Business

South Sudan: Hundreds of thousands of people still live in volatile conditions months after the flood


Download logo

When the flood water level began to rise in her village, 21-year-old Nyabeel * and her husband were torn apart about what to do. It was a difficult decision to leave their land, which they relied on for food. “We moved for three days. With a flock of four kids and a goat, it was challenging,” she says.

Eight months after the flood began, the people of Unity in the north South Sudan, Continue to suffer, get stuck in poor living conditions, and are at risk of developing infections and water-borne diseases. Spreading over several temporary campgrounds, they face food insecurity, loss of income, malnutrition, And a lack of safe drinking water. An estimated 835,000 people are affected..

In her village, Nyabir relied on cultivating milk from her land and goats. “We lived a more stable life than here. Now we eat one meal a day of corn.” Nyabeel said of her for the treatment of severe malnutrition and mandatory vaccinations. I took my 1-year-old child to MSF’s mobile clinic at Kuermendoke Camp in Rubkona Town. Kuermendoke is one of three camps where children under the age of 5 are more likely to suffer from severe acute malnutrition. “Our nutrition studies have shown that the prevalence of severe acute malnutrition in camps is well above the WHO’s 2% emergency threshold,” MSF’s emergency flood response medical care. Team leader Dr. Reza Eshaghian says.

The effects of the flood are obvious, says Dr. Eshagian. “While walking in the camp, malnourished children, people who collect and drink dirty flood water, cattle fall, and their carcasses are everywhere. Such poor conditions are in people’s health. Is harming. “

initial According to a FAO survey, floods have damaged approximately 65,000 hectares of arable land.More than 800,000 livestock have died in eight of the ten states of South Sudan. Having lost much of their livestock, many refugee women rely on collecting firewood to earn income. However, rising food prices have made it more difficult for refugees to obtain food.

With an 80% increase in hospital admissions to the Center for Inpatient Care and Nutrition (ITFC), MSF has opened a third ITFC ward at the Ventiu IDP Camp hospital. The MSF team also runs a mobile clinic that visits camps around the Mayom area, Bentiu and Rubkona. malaria, malnutrition Acute watery diarrhea.

For most refugees, finding safe drinking water is almost impossible. “The only source of water for us to drink, cook and wash is the flood,” says Nyapal, the mother of four.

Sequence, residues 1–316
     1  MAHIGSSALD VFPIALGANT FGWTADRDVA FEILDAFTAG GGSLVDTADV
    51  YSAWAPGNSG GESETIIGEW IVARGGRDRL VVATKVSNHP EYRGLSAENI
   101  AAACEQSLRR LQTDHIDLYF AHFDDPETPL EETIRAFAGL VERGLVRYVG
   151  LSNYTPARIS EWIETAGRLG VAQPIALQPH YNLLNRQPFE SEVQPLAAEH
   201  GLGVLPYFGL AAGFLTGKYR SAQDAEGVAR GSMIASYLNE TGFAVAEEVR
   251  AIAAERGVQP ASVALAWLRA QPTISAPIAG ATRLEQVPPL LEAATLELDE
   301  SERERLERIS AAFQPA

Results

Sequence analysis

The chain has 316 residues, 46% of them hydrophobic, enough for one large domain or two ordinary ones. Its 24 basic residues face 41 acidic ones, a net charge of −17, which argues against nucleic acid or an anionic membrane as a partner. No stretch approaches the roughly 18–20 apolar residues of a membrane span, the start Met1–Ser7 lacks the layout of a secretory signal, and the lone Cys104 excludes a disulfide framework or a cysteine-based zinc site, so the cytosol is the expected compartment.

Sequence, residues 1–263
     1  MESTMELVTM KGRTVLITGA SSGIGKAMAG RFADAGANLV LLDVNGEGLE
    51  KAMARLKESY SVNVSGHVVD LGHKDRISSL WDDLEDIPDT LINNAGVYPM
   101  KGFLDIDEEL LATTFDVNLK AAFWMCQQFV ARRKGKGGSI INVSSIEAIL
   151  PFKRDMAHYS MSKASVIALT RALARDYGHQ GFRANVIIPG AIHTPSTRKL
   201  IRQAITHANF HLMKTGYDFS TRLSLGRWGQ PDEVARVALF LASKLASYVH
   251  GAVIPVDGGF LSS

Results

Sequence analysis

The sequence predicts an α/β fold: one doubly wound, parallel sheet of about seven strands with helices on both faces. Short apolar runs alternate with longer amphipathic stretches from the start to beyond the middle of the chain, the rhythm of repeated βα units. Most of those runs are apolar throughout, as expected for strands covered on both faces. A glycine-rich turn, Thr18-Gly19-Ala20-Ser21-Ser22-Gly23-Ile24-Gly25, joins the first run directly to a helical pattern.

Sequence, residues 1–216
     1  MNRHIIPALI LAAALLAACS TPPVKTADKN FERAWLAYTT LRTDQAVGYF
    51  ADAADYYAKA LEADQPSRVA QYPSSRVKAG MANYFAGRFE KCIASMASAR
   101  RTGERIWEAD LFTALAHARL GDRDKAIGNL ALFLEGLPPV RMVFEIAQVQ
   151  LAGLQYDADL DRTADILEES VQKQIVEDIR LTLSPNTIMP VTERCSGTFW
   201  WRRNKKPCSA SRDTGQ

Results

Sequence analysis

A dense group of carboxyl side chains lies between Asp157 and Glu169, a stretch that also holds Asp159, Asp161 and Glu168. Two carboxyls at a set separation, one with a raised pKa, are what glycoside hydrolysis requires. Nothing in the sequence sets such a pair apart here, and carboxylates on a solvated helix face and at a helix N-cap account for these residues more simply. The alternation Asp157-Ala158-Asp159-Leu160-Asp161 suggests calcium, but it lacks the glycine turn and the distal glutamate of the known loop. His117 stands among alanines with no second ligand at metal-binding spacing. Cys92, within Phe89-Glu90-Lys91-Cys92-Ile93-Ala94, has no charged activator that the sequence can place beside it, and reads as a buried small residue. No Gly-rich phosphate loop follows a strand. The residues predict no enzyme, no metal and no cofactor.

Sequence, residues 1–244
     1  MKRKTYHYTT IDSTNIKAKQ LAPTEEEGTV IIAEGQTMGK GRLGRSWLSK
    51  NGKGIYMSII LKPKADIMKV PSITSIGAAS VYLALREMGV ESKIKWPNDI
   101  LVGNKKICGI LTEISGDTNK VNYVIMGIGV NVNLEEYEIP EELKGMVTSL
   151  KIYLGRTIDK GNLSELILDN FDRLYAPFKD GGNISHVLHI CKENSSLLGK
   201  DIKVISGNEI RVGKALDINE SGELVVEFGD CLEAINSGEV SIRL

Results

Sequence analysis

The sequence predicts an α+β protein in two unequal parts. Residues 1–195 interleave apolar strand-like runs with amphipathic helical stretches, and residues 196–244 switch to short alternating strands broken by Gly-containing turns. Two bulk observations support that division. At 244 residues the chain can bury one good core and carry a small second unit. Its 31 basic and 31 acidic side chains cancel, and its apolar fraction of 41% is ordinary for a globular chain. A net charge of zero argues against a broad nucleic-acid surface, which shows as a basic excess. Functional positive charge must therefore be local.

Prior to the floods around Bentiu, the sanitary facilities at the IDP camp were already in critical condition and were poorly maintained. “For some time, the floods meant that the waste treatment pond was inaccessible, which caused sewage to fill the camp’s toilets and flood the sewers that children often play.” Cawo Yassin Ali, water and sewage team leader of the MSF emergency team deployed for flood response, said. To reduce the risk of outbreaks, MSF has set up a sewage treatment plant in the camp to contain and treat fecal waste.

Water levels around Bentiu are slowly beginning to fall, and it is not yet clear when Nya Beer, Nyapal and thousands of other refugees will be able to return home. “There’s nothing here. I came empty-handed. The village is covered with water and I don’t know when it will dry,” says Nyabeel.

They are forced to live in such an unstable state until they can go home. This poses additional challenges for humanitarians, recognizing the protracted nature of this crisis and not losing sight of meeting urgent needs while meeting the corresponding criteria beyond the initial emergency threshold. Must be.

“There are immense needs for adequate shelter, clean water and sanitation infrastructure, quality health care, food security, livelihood support, etc. Humanitarians, donors and the South Sudanese government before it’s too late. We need to act now. They can’t afford to wait any longer, “says Dr. Eshagian.

Distributed by APO Group on behalf of Doctors Without Borders (MSF).

South Sudan: Hundreds of thousands of people still live in volatile conditions months after the flood

Source link South Sudan: Hundreds of thousands of people still live in volatile conditions months after the flood

Back to top button